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Microneedle Skin Patch Collects Fluid for Diagnostic Testing

By HospiMedica International staff writers
Posted on 18 Jun 2019
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Tiny microneedles help analyze ISF biomarkers (Photo courtesy of ACS).
Tiny microneedles help analyze ISF biomarkers (Photo courtesy of ACS).
A new study describes how a paper-based skin patch that contains tiny needles painlessly collects interstitial fluid (ISF) for biomarker analysis.

Developed at Washington University (WUSTL; St. Louis, MO, USA) and the Georgia Institute of Technology (Georgia Tech; Atlanta, GA, USA), the patch’s micrometer-scale microneedles puncture the skin, creating tiny micropores in the surface through which small quantities of ISF leak. The ISF is subsequently collected onto a strip of plasmonic paper that forms part of the backing of the patch. It is then analyzed in-situ, using surface-enhanced Raman scattering (SERS), in order to detect and measure pharmacokinetic profiles.

For the study, the researchers immobilized negatively charged poly(styrenesulfonate) (PSS) coated gold nanorods on a thin strip of filter paper using plasmonic calligraphy. A positively charged dye containing rhodamine 6G (R6G) was then injected into a rats' bloodstream. The dye entered the ISF and from there to the microneedle patch and onto the plasmonic paper, where it bound to the negatively charged PSS, and then analyzed with SERS. The researchers found that the new method could detect the R6G dye as sensitively as previous multi-step procedures. The study was published on May 9, 2019, in ACS Sensors.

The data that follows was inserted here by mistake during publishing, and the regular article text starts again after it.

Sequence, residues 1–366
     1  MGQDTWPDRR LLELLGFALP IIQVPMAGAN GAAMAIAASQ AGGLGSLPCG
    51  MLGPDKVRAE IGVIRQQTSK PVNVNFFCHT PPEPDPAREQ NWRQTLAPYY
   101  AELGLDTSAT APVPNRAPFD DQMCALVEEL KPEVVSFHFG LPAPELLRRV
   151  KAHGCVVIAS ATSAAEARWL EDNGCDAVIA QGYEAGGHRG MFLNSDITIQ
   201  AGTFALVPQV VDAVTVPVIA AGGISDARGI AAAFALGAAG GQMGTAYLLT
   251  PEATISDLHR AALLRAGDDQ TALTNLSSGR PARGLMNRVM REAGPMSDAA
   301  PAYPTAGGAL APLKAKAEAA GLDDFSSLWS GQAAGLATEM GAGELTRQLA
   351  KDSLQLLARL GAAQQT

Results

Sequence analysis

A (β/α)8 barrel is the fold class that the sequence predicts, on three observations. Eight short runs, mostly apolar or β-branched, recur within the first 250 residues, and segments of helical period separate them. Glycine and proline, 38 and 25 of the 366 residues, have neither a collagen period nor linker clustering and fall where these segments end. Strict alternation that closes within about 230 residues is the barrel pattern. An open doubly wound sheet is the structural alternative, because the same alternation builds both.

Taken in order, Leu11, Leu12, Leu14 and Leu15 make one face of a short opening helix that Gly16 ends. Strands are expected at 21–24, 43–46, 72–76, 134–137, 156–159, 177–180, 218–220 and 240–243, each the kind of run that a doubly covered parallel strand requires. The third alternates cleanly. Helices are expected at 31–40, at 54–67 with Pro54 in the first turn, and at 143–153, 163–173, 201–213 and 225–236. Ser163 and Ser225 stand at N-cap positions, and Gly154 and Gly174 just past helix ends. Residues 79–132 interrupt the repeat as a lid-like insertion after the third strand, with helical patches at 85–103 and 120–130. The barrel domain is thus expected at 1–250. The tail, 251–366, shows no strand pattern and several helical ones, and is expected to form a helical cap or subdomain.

“This proof-of-concept study indicates that a plasmonic paper microneedle patch has the potential to enable on-patch measurement of molecules in ISF for research and future medical applications,” concluded lead author Chandana Kolluru, PhD, of the Georgia Tech School of Materials Science and Engineering, and colleagues.

ISF surrounds all tissue cells and is present in the skin. It is advantageous for biosensing applications since it does not contain any particulates (red blood cells or platelets), and contains at least 5–10 times less protein than blood serum. However, only extremely low volumes can be found on the skin, making the process of ISF extraction rather difficult. ISF extraction using microneedles combined with integrated biosensing capabilities could provide significant opportunities for minimally invasive monitoring and diagnostics, such as in diabetes.

Related Links:
Washington University 
Georgia Institute of Technology

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